SHOCKTOBER 2015: DEAD CREATURES (Andrew Parkinson, 2001)

tumblr_nvnxpzmdF41qah9gwo1_1280

Dead Creatures is a cannibal film with brutal kidnapping, cannibalism, and murder, and yet it doesn’t feel like a traditional horror film. The film rolls out its premise slooooowly – the first scenes juxtapose a group of women hanging out, smoking pot, and sleeping in hovels with graphic shots of disembodied arms and legs being dismantled by knife. One of the women is literally falling apart, with chunks of skin missing from her face and hands. There is clearly something wrong – but what, exactly?

tumblr_nvnxpzmdF41qah9gwo4_1280

The film doesn’t go too  much into the mythology of its disease, which is something I generally appreciate in horror film – too many movies try to over-explain their plot, to the advantage of no one. The women are all afflicted with a vampire-esque cannibalistic disease, and stick together in small groups and share their fresh meat in order to survive. I loved how the film portrays these small societies of women – killing and robbing to get along, helping one another and living in a nonhierarchical structure – even killing members of the “tribe” once their disease progresses too far.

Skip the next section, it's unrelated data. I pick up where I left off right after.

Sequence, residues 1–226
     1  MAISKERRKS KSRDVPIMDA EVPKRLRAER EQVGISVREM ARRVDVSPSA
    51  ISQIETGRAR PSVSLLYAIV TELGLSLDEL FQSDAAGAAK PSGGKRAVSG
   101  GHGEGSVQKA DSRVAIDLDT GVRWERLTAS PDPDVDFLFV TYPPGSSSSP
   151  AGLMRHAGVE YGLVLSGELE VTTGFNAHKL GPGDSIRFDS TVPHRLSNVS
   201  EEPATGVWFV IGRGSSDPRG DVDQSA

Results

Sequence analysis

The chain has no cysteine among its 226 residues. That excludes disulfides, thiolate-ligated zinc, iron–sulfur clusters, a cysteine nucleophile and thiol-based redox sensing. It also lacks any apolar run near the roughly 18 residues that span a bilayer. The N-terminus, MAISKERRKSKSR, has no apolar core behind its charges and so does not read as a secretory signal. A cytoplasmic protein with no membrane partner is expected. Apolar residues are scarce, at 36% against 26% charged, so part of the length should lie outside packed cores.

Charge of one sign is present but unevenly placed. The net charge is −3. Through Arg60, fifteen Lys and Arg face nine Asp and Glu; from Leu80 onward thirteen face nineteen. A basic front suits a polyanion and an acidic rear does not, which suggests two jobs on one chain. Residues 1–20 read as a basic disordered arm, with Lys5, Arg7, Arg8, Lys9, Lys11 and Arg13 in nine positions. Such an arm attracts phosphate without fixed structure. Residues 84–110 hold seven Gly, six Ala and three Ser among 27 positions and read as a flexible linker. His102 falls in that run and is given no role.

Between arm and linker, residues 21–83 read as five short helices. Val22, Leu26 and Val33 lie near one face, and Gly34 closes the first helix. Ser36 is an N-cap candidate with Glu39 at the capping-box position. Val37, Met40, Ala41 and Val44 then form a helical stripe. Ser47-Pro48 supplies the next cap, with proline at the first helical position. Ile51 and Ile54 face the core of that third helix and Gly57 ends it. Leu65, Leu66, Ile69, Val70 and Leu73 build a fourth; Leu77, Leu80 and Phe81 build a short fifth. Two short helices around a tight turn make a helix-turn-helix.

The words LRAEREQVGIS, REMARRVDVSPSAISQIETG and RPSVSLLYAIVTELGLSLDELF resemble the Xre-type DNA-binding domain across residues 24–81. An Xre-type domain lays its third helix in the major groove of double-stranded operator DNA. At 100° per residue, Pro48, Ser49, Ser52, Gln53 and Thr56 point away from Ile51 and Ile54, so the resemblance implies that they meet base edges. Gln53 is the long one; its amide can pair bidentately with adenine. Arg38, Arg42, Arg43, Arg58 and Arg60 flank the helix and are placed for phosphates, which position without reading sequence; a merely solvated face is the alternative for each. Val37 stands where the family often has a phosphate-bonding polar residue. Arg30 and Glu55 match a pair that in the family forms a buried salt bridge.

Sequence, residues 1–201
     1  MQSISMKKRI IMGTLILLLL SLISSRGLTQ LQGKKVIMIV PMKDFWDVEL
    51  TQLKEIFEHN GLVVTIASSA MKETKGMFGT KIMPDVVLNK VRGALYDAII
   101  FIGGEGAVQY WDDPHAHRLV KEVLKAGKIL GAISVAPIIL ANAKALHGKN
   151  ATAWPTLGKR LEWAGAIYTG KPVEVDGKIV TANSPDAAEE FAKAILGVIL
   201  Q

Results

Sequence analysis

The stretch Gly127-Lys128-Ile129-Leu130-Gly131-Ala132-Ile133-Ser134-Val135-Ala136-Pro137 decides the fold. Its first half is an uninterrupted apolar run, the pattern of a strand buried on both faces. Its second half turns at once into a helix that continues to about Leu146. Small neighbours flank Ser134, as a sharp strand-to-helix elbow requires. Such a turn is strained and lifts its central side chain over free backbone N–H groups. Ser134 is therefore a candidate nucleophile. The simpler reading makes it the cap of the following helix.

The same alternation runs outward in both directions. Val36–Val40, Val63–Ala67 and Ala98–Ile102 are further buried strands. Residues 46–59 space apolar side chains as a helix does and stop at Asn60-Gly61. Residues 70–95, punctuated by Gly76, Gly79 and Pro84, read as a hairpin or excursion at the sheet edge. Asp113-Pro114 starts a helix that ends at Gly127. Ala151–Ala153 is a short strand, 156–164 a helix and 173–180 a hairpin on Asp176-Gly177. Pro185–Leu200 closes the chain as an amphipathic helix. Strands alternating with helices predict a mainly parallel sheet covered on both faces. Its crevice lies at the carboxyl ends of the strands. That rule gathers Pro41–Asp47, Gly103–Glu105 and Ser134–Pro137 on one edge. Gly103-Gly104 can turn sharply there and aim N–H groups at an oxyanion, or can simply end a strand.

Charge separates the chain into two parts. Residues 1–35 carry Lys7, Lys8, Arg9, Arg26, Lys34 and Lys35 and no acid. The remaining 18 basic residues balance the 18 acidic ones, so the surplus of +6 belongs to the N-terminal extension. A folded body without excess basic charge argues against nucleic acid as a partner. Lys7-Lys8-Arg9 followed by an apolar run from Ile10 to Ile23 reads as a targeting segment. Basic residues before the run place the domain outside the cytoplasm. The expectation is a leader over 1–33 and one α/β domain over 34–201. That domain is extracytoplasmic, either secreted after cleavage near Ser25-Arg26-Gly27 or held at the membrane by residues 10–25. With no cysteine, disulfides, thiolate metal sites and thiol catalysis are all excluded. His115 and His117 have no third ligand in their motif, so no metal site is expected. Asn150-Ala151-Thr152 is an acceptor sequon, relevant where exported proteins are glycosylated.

tumblr_nvnxpzmdF41qah9gwo10_1280

There is a subplot involving an older man who is obsessed with finding these cannibals, one young woman in particular, but it’s thankfully  just used as a sidebar in order to give the film a semblance of narrative structure. With a bit more adventurous cinematography and different choices (soundtrack, for sure), Dead Creatures could have been a remarkable feminist-horror-film-as-parable; instead, it’s not a bad choice for your Shocktober viewing, but nothing extraordinarily memorable.